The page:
4. When was the last time you had conflict in a team and how did you resolve it?
For folks who have worked remotely, Thao-Nguyen likes to ask this behavioral question to better understand candidates' communication skills and approach to teamwork.
Already a remote work pro? Or confident you'd excel in a flexible work environment? Check out Blockstack's remote roles.
5. How do you like to receive feedback? What’s that hardest piece of feedback you’ve ever received and how did you handle it?
At PowerToFly, we love feedback, so this question is a must for anyone who might join our team. Our Senior Manager of Marketing & Community, Lauren Hagerty, explains:
"When you work remotely, communication can be one of the biggest challenges, and it's challenging enough to give feedback in-person, let alone from the other side of the world. At PowerToFly, we consider all feedback a gift. This question gives the interviewee the opportunity to prove that they, too, see feedback from a growth perspective and not something that should be taken negatively.
The more vulnerability they show in admitting to an actual problem that was tough for them to deal with, the better. Then you can talk them through how they took it, how they responded etc. You're looking for whether they were able to fix the problem."
Do you love feedback, any way you can get it? Check out our open roles!
6. Short (Paid!) Projects
Okay, so this isn't really a question, but it is a very common ask in interviews for remote roles!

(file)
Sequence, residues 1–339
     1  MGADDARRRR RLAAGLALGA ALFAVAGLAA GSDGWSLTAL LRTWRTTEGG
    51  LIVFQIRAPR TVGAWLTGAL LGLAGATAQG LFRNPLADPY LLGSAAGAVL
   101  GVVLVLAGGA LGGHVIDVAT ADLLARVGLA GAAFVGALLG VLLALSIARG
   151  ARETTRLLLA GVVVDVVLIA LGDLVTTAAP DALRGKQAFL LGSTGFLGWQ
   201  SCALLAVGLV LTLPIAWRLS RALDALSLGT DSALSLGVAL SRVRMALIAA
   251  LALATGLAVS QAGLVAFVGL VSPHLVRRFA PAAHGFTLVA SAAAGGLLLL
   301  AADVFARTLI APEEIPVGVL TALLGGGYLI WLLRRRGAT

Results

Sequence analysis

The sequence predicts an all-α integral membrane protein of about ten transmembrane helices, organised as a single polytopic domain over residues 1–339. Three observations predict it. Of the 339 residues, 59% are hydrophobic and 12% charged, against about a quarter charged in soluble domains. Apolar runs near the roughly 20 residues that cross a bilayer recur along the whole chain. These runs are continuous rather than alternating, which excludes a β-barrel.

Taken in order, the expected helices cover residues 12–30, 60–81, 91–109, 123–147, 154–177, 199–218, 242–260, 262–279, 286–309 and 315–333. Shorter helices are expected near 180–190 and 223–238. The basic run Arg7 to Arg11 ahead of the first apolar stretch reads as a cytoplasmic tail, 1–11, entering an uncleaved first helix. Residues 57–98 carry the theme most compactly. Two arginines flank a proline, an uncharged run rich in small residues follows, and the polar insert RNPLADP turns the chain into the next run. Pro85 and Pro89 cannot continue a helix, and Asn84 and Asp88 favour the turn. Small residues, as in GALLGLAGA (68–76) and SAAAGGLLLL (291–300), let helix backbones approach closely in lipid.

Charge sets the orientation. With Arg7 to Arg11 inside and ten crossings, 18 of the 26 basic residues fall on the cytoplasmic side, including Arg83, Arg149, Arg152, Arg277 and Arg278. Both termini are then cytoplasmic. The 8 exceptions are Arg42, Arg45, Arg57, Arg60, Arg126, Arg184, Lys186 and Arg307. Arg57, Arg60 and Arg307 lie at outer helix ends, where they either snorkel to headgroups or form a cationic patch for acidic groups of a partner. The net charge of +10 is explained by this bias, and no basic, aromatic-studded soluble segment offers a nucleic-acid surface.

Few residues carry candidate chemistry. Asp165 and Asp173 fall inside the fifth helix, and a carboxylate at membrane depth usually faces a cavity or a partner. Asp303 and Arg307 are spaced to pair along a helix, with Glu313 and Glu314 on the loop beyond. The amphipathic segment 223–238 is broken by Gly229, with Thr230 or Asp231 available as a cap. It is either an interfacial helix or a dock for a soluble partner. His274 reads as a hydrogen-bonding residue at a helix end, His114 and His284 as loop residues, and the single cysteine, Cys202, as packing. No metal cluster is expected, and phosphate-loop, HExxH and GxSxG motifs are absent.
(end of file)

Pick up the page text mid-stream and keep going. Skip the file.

DuckDuckGo is working towards creating the world's most trusted search engine... but they're also growing their fully remote team. And they know that one of the best ways to see whether someone will do well working from home - or anywhere - is just to see how they work!
As William Connor from DuckDuckGo's People Ops team explains:
"Here at DuckDuckGo, we have a unique hiring process that assesses each candidate by evaluating all of our must-have candidate criteria via short paid projects instead of interview questions or quizzes.
We like to let the work speak for itself, which includes asynchronous communication, meeting timeline expectations, and project management.
If a candidate succeeds during these project phases, they move on to running their own project internally, which gives both the company and the candidate the insight necessary to determine if they can be successful working from home and fit within our organization."
Want to let your work speak for itself? Check out DuckDuckGo's open remote roles.
At the end of the day, all of these work-from-home interview questions are just a way to gauge whether you'll excel as a remote worker. So walk through them and practice giving your honest answers!
Before you throw yourself into the world of remote work, you want to make sure it's for you.
Ultimately, you need to be able to answer "Why do you want to work from home?" And it should be for a better reason than just being able to stay in your pajamas all day. It should align with your skills, preferred work style, and career goals.